Out now: Recycling Technology 2021!
Mother Nature tackles plastic waste
Researchers at the Fraunhofer Institute
in Germany suggest caterpillars could play
a role in cutting unwanted plastics.
Their work is based on the knowledge that
some animals have an appetite for unusual
foodstuff. As an example, the larvae of the
Greater Wax moth (Galleria Melonella) can
consume polyethylene (PE) and convert it
at a ‘remarkable rate’. Researchers report
100 000 larvae eat over five kilograms of
plastic in less than a week.
‘This would open up promising possibilities for
the disposal and elimination of large quantities
of plastic waste,’ Fraunhofer suggests. However,
before this unique ability of the caterpillar can
be harnessed technologically, it must be proven
whether the creature completely digests the PE
or merely crushes and excretes it.
The research taking place under Fraun-
hofer’s RauPE project uses state-of-the-art,
high-resolution Raman microscopy and
Port to host innovative tyre
A Norwegian company developing the chemical recy-
cling of waste tyres has chosen the UK port of Sunderland
to construct its first facility.
Wastefront announced in the summer of 2020 that it
wanted to establish itself in the UK and has now identi-
fied the Port of Sunderland with construction set to begin
next year and the plant being operational in the second
half of 2022.
Using pyrolysis, the plant will convert locally-sourced end-
of-life (ELT) tyres into liquid hydrocarbons and carbon
black, which can then be reutilised in processes such as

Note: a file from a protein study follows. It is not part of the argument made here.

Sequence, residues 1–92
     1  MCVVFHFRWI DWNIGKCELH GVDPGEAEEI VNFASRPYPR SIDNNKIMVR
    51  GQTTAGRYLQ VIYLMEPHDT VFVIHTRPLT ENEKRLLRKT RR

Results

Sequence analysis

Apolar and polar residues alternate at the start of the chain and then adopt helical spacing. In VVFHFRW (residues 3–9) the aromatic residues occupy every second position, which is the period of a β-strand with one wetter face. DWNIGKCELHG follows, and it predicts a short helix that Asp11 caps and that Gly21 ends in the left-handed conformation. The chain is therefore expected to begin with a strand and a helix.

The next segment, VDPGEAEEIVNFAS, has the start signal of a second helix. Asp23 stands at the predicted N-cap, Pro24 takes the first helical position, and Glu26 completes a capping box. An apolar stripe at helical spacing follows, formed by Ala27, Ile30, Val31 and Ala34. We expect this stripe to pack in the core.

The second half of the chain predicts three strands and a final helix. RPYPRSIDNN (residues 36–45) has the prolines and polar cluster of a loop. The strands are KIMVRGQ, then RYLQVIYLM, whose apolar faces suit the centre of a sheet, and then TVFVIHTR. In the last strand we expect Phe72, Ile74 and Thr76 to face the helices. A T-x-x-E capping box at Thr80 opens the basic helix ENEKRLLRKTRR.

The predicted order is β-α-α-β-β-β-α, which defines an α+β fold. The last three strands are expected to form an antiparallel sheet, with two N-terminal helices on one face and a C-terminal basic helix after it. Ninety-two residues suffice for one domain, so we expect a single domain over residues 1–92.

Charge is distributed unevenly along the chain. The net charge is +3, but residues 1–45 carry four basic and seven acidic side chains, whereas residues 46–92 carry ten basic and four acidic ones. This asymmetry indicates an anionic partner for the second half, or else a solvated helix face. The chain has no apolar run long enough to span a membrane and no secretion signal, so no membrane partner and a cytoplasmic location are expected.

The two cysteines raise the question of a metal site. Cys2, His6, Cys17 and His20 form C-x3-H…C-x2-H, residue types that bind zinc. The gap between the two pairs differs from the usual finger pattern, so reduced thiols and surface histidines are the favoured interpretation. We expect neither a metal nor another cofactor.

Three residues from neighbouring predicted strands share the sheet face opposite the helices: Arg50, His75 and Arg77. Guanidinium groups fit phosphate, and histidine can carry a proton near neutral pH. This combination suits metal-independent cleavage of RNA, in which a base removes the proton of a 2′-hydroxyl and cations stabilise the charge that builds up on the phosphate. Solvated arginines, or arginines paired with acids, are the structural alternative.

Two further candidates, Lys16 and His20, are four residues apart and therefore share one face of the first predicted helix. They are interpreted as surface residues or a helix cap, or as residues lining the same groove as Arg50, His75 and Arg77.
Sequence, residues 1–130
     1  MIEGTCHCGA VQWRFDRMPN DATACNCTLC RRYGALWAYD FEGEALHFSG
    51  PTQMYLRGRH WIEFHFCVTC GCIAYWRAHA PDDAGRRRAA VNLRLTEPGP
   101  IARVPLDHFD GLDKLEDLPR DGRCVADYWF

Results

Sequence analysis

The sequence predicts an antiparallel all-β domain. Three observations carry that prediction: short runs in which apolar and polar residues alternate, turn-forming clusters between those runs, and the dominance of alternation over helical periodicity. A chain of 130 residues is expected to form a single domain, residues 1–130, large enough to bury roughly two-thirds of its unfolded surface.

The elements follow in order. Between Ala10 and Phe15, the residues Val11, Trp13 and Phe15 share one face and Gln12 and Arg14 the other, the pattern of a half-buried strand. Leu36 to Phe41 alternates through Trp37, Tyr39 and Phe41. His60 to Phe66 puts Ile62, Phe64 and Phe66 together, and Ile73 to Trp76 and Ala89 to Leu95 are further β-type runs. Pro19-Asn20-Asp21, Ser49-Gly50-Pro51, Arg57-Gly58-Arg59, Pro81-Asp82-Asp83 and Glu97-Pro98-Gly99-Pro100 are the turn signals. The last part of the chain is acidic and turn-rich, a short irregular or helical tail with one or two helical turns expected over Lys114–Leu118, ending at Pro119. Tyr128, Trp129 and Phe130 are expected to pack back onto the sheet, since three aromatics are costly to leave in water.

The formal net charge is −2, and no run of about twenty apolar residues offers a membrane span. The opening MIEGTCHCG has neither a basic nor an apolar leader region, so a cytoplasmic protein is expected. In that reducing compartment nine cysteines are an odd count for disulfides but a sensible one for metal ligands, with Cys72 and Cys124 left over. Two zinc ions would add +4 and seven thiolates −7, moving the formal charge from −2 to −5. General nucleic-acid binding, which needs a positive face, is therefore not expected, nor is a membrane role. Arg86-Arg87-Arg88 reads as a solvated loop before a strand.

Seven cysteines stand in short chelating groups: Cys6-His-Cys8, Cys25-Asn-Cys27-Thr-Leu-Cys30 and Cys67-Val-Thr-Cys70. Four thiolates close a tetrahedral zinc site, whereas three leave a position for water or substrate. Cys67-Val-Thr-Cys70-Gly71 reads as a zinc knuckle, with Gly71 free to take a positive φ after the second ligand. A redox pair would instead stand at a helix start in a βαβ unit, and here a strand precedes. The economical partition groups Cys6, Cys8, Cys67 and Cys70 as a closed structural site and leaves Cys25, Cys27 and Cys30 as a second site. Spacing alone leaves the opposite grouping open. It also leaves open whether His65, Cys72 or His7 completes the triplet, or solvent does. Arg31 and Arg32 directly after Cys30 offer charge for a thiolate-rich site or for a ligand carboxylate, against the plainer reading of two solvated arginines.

alternative fuel or ground rubber manufacturing. Con-
struction is expected to generate around 100 jobs in the
region and eventually employ up to 30 people full time.
Wastefront recently received funding from the Norwe-
gian state-owned company and national development
bank, Innovation Norway and it is supported by a gov-
ernment agency, the Research Council of Norway. The
company will be raising investment from UK, Nordic
and International investors in order to facilitate the con-
struction of the plant.
The plant will at full scale include 12 reactors to utilise
pyrolysis to break down tyre materials at elevated tem-
peratures. By sending tyres through pyrolytic reactors
with a catalyst, Wastefront converts disused tyres into
liquid hydrocarbons, carbon black and heat.
The full-scale plant will have a daily capacity to process
180 tonnes of ELT waste and to produce 60 tonnes of
carbon black per day. In addition, the plant will be able to
produce 90 tonnes of liquid hydrocarbons per day, which
can be refined to produce ethane, propane, butane, diesel
and gasoline. The heat generated from Wastefront’s pro-
cesses will be repurposed locally within industry or can
also be used to heat residential homes. Wastefront says
it plant will be the first to combine conventional meth-
ods with the company’s own proprietary technology and
claims it will minimise the environmental impact typi-
cally associated with traditional tyre pyrolysis.
Wastefront’s chief strategy officer and co-founder, Chris-
tian A. Hvamstad, is a former student in Sunderland
and says the new plant comments marks ‘a huge step’
in the company’s efforts to combat the global issue of
‘Our ambition is to create a new circular economy for
dealing with waste issues, and a crucial element of sus-
tainable waste handling is to be able to do so locally.
Wastefront’s first plant in Sunderland will represent
a valuable contribution to a cleaner future by dealing
with a specific waste problem, where end-of-life tyres
no longer end up in landfills in overseas countries but
instead are converted into useful commodities that can
be used within the region.
‘The UK is a global centre of industry which we want to
be a part of, while Sunderland is the ideal location for our
first plant due to geographical location, access to feed-
stock, strong local support and Sunderland’s history as
an industrial port.’
Recycling & Recovery
Eddy current magnetic separators separate ferrous
and non-ferrous metals from large bulk and waste
flows. New technologies result in even higher yields.
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